Early discussions about an international prize led to fears that Americans would be allowed on to the main Booker list, which alarmed Professor Lisa Jardine, who was chairman of the judges in 2002. But she is now optimistic about the move, particularly inclusion of authors who are translated. She has recently been working with the Women's Watershed Fiction initiative for Radio 4's Woman's Hour, which aims to identify the books that change listeners' lives. "As far as I'm concerned it is so important that it includes translation, I dearly hope that it does go to a writer who has been translated."

Booker is already a powerful influence over book sales. Some estimate that winning the prize can add up to a ten-fold increase.

Joel Rickett, acting editor of The Bookseller, welcomed the international prize, but said: "The big question is whether it's just going to go to the usual suspects and are we going to spend the next few years picking off obvious names. Or using it to redress ... the fact that some people haven't been given a Booker.

"There will be a lot hanging on the first choice because that will set the tone."


V S Naipaul

Born into Trinidad's East Indian community, Vidiadhar Surajprasad Naipaul is the consummate international man of letters, turning his hand to short stories, novels, polemic, journalism and travel writing. Born in 1932, he launched his literary career in 1957. His first masterpiece, A House for Mr Biswas (1961), centres upon the Naipaul archetype of the mild-mannered man who seeks comically to better himself. Among the Believers (1981) is a critical assessment of Islam. Latterly, he has been most famous for a spat with Paul Theroux, who detailed his disillusion with his former friend in Sir Vidia's Shadow. Naipaul won a Nobel Prize in 2001.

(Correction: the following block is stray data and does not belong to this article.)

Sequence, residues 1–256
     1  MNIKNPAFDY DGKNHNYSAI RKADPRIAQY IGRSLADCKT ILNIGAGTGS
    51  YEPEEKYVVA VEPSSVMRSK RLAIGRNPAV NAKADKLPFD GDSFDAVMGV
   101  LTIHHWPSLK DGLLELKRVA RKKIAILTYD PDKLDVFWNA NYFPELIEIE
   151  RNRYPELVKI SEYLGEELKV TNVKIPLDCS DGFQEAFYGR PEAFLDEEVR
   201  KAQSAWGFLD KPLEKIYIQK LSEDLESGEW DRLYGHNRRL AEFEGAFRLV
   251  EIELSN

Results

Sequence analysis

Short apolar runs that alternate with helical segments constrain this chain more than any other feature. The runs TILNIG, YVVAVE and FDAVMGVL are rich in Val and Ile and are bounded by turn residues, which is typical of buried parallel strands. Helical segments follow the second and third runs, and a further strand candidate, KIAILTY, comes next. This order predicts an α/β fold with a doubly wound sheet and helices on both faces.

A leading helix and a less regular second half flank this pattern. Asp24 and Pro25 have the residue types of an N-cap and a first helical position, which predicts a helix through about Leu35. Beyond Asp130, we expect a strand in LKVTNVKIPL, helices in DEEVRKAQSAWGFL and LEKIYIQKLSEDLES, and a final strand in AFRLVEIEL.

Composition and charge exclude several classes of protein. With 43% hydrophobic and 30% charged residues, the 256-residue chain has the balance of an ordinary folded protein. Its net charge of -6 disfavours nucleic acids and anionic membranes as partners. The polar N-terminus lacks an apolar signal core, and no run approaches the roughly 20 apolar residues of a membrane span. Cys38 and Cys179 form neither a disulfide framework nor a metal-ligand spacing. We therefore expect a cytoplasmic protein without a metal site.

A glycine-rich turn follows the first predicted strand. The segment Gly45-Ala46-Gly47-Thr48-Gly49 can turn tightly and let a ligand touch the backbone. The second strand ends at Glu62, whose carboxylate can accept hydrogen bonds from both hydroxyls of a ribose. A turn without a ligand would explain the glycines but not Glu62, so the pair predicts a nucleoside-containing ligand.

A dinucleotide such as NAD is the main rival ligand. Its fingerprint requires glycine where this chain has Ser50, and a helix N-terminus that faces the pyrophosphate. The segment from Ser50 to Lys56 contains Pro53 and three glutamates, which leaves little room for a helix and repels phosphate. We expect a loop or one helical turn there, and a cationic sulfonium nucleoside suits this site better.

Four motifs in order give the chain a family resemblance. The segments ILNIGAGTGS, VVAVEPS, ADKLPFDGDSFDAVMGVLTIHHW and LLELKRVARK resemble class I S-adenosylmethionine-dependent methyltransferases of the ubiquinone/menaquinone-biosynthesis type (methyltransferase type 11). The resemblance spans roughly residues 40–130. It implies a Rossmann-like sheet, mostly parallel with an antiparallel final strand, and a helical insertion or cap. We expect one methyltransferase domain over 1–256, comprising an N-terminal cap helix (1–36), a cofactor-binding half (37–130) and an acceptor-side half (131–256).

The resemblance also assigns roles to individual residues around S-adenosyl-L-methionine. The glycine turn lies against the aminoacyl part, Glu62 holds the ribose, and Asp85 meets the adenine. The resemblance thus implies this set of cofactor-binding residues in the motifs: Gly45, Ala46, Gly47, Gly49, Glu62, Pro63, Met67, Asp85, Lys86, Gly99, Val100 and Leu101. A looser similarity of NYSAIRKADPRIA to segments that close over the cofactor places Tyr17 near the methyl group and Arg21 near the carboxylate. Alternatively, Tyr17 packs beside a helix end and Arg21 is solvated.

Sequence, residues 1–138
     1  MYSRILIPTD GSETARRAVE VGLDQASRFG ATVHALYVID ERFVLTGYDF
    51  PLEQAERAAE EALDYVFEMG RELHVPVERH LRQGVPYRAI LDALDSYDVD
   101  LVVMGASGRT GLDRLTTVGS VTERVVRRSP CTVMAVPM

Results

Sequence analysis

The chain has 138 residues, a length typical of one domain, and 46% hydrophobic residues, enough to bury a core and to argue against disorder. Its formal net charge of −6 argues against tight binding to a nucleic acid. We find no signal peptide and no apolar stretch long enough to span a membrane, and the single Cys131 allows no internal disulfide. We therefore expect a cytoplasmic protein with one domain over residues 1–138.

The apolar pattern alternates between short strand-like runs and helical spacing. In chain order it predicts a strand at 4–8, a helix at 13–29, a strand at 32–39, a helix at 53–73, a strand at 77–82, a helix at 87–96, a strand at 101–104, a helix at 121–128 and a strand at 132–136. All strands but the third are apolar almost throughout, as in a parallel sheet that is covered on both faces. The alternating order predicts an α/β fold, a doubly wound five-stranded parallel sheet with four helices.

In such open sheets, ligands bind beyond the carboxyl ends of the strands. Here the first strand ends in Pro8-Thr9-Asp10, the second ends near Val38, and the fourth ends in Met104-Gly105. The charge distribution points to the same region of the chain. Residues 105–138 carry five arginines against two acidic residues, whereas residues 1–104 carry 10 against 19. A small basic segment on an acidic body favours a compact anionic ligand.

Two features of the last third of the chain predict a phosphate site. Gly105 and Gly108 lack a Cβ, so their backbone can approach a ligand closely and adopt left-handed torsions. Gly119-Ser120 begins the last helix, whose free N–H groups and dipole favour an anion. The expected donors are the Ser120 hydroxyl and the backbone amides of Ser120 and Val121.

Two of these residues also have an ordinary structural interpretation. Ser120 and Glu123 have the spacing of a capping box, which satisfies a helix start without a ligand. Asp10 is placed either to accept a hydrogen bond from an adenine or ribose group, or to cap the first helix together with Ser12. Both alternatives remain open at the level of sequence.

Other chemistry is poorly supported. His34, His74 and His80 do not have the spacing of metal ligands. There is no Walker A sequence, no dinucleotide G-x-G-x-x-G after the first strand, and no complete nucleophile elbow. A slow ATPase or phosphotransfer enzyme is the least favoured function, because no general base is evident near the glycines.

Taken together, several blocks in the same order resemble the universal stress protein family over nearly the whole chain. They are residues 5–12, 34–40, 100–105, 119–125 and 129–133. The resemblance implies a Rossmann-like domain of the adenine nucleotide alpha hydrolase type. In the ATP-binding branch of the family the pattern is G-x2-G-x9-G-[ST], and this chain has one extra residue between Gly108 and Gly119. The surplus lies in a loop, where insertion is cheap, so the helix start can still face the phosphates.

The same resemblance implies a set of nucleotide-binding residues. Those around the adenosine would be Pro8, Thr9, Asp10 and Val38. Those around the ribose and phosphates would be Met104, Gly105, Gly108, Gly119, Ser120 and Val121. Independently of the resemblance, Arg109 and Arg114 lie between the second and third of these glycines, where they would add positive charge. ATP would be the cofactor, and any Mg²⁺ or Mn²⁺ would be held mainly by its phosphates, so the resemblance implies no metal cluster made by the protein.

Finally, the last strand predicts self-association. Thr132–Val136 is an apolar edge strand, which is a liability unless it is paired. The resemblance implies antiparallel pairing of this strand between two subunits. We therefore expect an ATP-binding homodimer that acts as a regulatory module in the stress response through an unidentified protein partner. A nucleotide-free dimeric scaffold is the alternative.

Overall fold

John Updike

Versatile and prolific, Updike is best known for his brilliant Rabbit tetralogy (1960-1990). He is the chronicler of ordinary, decent, old-fashioned Americans: their aspirations, simple faith and sexual frustrations. His work spans The Witches of Eastwick and Gertrude and Claudius, his 51st novel, the exquisitely woven backstory of Hamlet.

Gabriel García Márquez

A virtuoso of magic realism, the Colombian maestro heard fantastical tales at his grandmother's knee. Equally important to his development was his first career as a crusading journalist. Few have written so passionately about the power of love ( Love in the Time of Cholera, 1985). His greatest novel, One Hundred Years of Solitude (1967), tells of the decline of Macondo, a remote village which owes much to his birthplace, Aracataca. He won the Nobel Prize in 1982.

Margaret Atwood

Canada's ice queen is formidably gifted, her oeuvre ranging across styles and genres. As well as sharp feminist fables, she has written poetry, criticism, historical and futurist novels ( The Handmaid's Tale), and has recentlycolonised the world of sci-fi. A perennial Booker favourite, she has been shortlisted five times and won the prize in 2000 for The Blind Assassin.

Suzi Feay